I wasn’t there for the immediate aftermath, but was living in that neighbourhood at the time, and hearing about what had happened, elected to meet her at the police station and walk her home. She didn’t need hospitalisation, but she was badly shaken and, worse still, humiliated by the man who’d nearly run her over. Apparently, he’d screamed at her that it was all her fault, that she was an “old bag” and “too slow”. This may seem shocking, but if you know anything about the Moscow nouveau riche, you wouldn’t be shocked at all. I waited for her from across the street and saw her walk out, shaking, barely able to retain her composure, after giving a statement to the police. There was a little hat with velvet flowers on her head, and the hat alone broke my heart. For an older woman, she’d taken such great pains to always look her best… and here she was, looking fragile and lost, with the hat askew on her gray hair.

As I made my way over to her, an old cop car drove out of the parking lot adjacent to the station, and a policeman inside rolled down his window. He said, “Get in, we’ll drive you home, it’s only a few blocks”. My neighbour asked if I could join, and they nodded, so I got in. On our way back to her building, the two policemen sitting up front consoled this old, lonely woman the best way they knew how. From what I gathered later, they’d witnessed her being berated and humiliated after having been nearly run over by the member of the so-called “elite”… and took umbrage. Therefore, they told stupid jokes, made her laugh, and told her that things would be OK. It was a very short and surreal ride in a Moscow cop car, but I haven’t forgotten it. I haven’t forgotten the officers’ eyes in the rear-view mirror, as they told her that the guy would surely “get his due”.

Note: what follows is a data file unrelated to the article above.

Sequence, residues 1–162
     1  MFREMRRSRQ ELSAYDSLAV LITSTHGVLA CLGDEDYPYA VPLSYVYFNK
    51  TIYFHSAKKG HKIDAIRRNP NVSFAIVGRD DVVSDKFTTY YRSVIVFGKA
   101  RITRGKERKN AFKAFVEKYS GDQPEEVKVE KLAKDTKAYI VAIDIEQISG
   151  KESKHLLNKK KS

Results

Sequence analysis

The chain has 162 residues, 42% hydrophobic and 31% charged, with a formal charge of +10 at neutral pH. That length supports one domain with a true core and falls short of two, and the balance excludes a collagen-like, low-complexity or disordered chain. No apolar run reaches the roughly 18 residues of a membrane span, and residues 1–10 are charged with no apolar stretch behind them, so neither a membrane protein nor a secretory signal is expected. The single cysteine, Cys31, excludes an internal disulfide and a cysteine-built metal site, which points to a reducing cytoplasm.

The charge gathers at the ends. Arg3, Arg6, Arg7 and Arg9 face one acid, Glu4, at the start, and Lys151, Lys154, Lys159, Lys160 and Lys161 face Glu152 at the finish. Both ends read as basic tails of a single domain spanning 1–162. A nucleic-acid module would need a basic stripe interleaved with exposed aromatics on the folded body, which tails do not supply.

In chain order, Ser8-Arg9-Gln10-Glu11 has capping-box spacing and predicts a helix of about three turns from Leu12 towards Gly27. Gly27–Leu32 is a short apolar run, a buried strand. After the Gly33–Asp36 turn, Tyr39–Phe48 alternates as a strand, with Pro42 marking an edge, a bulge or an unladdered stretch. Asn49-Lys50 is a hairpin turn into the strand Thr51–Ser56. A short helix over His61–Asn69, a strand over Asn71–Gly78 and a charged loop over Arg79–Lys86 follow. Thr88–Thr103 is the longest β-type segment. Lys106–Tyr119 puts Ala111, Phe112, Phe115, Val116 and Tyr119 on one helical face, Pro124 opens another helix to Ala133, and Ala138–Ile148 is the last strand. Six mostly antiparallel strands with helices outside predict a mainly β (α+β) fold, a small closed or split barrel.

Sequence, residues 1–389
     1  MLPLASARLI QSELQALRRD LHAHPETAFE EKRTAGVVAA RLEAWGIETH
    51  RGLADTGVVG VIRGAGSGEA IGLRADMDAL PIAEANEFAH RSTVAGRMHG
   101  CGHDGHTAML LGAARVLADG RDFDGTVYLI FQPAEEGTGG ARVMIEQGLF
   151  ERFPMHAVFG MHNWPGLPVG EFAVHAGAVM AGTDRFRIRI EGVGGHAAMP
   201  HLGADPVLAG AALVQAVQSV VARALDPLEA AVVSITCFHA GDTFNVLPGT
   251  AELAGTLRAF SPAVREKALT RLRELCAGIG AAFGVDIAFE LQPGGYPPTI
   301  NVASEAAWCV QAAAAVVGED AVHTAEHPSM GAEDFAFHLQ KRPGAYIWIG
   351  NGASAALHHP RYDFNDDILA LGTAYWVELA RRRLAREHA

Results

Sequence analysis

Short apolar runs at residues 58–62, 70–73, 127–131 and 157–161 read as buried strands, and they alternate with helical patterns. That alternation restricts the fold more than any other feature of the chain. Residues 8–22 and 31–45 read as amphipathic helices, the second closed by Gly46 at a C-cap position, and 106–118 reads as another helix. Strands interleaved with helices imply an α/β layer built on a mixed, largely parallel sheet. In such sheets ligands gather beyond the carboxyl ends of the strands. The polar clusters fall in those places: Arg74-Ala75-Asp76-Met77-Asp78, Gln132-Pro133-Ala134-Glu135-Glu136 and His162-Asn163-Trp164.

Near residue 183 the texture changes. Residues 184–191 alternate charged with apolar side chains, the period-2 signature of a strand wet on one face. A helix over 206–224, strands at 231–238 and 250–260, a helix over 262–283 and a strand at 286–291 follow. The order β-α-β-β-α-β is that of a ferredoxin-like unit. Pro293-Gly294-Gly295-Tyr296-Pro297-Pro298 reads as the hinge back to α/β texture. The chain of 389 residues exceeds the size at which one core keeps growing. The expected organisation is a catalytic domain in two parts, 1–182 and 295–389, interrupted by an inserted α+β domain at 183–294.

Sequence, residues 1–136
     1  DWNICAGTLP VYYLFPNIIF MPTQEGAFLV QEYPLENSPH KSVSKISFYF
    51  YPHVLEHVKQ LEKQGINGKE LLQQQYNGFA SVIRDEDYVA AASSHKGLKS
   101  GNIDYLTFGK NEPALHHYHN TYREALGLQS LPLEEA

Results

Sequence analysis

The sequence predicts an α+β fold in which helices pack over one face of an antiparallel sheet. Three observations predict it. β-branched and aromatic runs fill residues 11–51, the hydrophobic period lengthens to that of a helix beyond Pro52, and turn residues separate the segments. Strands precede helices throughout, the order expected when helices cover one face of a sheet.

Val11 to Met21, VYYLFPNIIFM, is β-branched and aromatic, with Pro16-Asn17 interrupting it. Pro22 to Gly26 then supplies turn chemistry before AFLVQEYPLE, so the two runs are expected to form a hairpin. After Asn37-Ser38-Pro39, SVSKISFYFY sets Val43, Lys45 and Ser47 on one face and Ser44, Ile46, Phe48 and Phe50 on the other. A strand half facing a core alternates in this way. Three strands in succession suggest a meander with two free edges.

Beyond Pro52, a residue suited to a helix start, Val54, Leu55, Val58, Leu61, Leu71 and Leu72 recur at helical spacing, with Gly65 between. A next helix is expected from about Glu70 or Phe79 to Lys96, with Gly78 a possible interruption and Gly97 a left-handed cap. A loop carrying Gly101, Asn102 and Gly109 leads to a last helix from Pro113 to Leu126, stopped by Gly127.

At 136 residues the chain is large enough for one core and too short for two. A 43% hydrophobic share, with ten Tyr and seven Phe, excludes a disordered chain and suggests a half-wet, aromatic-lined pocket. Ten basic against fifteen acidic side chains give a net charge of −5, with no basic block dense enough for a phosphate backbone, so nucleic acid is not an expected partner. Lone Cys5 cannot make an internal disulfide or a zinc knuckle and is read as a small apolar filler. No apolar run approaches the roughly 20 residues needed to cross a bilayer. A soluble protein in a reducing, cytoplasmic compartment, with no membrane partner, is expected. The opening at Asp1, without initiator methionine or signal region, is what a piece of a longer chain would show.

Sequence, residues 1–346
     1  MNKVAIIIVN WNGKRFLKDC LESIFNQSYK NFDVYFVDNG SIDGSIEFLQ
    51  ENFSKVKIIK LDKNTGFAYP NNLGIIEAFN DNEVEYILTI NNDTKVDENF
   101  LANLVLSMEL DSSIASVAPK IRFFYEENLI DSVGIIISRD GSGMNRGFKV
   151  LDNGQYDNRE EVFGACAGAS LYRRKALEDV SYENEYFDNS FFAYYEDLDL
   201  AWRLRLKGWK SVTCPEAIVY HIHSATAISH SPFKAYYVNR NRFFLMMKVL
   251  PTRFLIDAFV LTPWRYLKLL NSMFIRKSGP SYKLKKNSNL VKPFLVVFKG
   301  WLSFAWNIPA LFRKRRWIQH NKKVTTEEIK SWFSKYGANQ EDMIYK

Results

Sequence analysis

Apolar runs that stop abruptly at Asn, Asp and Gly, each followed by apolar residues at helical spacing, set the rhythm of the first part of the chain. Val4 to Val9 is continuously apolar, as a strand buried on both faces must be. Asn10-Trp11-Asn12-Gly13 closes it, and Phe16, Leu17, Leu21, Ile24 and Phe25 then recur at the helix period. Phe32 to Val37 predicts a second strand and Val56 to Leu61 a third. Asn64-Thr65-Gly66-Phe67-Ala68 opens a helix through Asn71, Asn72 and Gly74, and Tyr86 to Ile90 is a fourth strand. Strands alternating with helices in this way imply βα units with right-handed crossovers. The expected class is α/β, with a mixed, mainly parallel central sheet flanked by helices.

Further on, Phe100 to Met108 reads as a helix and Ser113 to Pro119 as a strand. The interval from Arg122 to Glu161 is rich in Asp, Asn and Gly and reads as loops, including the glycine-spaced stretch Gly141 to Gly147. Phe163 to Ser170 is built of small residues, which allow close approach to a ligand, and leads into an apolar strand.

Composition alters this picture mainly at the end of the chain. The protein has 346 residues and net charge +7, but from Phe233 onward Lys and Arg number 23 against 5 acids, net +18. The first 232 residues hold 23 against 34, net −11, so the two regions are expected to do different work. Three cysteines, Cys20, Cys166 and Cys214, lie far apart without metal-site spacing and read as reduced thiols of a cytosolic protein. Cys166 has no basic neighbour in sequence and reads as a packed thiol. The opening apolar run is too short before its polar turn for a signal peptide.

I never did find out what happened to the guy in question… whether he suffered any consequences, whether he at least had his license suspended, or if he pulled strings and got off scot-free, as people like him frequently do. My neighbour died soon after, when I was away. She had a chronic illness she had taken pains to conceal. Her heirs, who live far away, I didn’t know very well. Nevertheless, I do think about this woman, already in the last weeks of her life, being helped out of that police car and walked all the way to her apartment. I think about those two cops… one older and one younger. They weren’t being heroes that day, but they did act like human beings, which can be heroic in the right kind of context. I hope they’ve continued to act like human beings… and I hope that one day, they too will go viral on Facebook for performing a small act of kindness. If only to remind us that Moscow’s cops can also be kind.